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Tesla driver, 20, charged after identified asleep at wheel of ‘self-driving’ car or truck traveling about 90 mph: cops

A Canadian man has been charged after he was identified asleep at the wheel of a “self-driving” Tesla traveling in excess of 93 mph down a freeway in the province of Alberta, authorities claimed on Thursday.

The July 9 incident transpired just after authorities gained a complaint that a Design S Tesla was speeding on a highway in close proximity to the city of Ponoka, positioned about 60 miles south of Edmonton, according to a launch by Alberta Royal Canadian Mounted law enforcement (RCMP).

“The vehicle appeared to be self-driving, traveling more than 140km/h, with the two front seats totally reclined and both occupants showing up to be asleep,” the RCMP said in a assertion.

TESLA Lover TURNS FORD F-150 RAPTOR INTO CYBERTRUCK

Photograph of Tesla Model S with reclined seats.

Photo of Tesla Model S with reclined seats.

Picture of Tesla Product S with reclined seats.
(RCMP)

Law enforcement reported that after a responding officer flashed unexpected emergency lights on their car, the Tesla “immediately started to speed up,” and sped up to “exactly 150 km/h.”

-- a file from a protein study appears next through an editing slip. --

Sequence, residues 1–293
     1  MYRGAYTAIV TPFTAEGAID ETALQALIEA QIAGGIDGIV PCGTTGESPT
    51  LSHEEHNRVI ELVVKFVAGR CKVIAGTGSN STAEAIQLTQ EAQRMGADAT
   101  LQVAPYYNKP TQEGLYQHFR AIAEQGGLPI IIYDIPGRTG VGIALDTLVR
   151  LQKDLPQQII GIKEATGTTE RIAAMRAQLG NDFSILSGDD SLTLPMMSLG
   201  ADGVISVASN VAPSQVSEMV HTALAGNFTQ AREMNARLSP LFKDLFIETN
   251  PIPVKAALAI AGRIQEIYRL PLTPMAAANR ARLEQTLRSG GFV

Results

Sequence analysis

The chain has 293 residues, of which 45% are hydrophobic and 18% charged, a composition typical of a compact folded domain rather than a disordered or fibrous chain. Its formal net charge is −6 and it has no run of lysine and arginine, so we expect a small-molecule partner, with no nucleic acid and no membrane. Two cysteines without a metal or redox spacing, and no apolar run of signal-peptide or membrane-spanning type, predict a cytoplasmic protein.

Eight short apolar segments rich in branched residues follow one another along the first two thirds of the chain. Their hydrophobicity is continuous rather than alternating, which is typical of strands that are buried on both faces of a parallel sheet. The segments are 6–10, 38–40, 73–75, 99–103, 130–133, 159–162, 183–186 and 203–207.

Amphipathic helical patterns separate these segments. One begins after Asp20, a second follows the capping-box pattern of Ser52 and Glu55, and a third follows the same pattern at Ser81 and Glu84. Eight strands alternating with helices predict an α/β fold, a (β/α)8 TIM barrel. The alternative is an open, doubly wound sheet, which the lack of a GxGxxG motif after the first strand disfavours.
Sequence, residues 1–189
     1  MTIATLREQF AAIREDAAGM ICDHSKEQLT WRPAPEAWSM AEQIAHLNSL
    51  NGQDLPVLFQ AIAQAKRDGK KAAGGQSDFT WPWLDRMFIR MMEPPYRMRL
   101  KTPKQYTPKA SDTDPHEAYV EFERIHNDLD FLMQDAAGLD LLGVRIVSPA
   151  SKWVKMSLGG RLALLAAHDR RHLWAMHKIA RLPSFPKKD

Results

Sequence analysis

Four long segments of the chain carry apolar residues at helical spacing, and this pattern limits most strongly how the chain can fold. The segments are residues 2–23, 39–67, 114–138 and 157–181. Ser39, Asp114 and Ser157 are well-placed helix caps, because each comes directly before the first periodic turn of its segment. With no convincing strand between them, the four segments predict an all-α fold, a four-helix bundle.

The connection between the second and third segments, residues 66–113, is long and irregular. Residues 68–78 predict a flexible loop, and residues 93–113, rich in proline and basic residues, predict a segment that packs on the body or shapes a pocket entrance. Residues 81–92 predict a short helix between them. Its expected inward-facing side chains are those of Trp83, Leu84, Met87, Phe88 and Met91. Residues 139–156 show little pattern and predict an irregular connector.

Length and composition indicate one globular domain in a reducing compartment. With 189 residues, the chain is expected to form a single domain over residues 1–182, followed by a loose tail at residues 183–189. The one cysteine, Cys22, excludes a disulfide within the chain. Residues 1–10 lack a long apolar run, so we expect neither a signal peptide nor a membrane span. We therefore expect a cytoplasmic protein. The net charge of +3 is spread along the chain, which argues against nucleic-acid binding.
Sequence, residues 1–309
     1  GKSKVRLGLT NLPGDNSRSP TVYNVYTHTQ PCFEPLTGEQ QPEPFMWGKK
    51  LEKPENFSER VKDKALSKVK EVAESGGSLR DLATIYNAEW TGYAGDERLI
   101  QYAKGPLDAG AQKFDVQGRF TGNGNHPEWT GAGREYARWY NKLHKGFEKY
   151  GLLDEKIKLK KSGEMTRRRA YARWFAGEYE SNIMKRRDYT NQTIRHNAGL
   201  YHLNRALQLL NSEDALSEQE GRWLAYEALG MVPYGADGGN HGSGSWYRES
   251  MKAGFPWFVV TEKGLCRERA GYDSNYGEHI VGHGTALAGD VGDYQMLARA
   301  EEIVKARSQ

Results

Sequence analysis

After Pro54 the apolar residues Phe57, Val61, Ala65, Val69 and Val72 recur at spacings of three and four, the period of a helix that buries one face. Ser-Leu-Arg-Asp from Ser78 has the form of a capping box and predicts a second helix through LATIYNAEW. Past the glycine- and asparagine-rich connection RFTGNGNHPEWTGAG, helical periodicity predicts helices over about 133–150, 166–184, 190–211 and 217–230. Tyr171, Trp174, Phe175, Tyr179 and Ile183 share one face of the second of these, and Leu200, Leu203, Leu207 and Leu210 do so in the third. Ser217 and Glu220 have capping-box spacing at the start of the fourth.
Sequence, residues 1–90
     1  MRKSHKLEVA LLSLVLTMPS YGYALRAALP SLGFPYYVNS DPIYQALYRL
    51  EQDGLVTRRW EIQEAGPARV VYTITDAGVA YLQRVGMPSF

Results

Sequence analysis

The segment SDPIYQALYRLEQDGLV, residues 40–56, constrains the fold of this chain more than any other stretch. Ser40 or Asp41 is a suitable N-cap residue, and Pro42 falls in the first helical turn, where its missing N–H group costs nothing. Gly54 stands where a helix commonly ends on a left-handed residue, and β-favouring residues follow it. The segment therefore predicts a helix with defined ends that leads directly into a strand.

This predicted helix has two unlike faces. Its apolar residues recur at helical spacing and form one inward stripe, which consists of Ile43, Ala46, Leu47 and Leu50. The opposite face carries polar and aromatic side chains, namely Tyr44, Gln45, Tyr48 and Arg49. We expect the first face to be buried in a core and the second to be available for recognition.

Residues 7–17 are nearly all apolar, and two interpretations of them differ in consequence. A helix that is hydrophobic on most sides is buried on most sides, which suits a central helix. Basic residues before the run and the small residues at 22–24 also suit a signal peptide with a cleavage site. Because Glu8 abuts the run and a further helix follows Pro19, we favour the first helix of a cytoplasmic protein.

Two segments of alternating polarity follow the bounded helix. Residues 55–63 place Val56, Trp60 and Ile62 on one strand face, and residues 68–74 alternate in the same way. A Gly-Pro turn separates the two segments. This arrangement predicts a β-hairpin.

The driver, a male, 20, from British Columbia, was billed with rushing and specified a 24-hour license suspension for exhaustion.

Soon after further investigation, the male was also charged with risky driving and he was served a summons to surface in courtroom in December, the RCMP explained.

TESLA ON AUTOPILOT HITS Law enforcement Auto AS DRIVER WATCHES Movie ON CELLPHONE

Final thirty day period, a North Carolina doctor’s Tesla operating on Autopilot crashed into a law enforcement car as he was viewing a motion picture on his cellphone.

Tesla’s Autopilot and “Full Self-Driving” systems have the capability to steer a auto in a lane and avoid some obstructions, even so, they involve the driver to display they are attentive by touching the steering wheel, studies stated.

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“Although companies of new motor vehicles have created-in safeguards to stop drivers from using benefit of the new security techniques in cars, people devices are just that — supplemental safety techniques,” reported Superintendent Gary Graham of Alberta RCMP Website traffic Companies. “They are not self-driving techniques, they nevertheless come with the obligation of driving.”

Fox News’ Gary Gastelu contributed to this report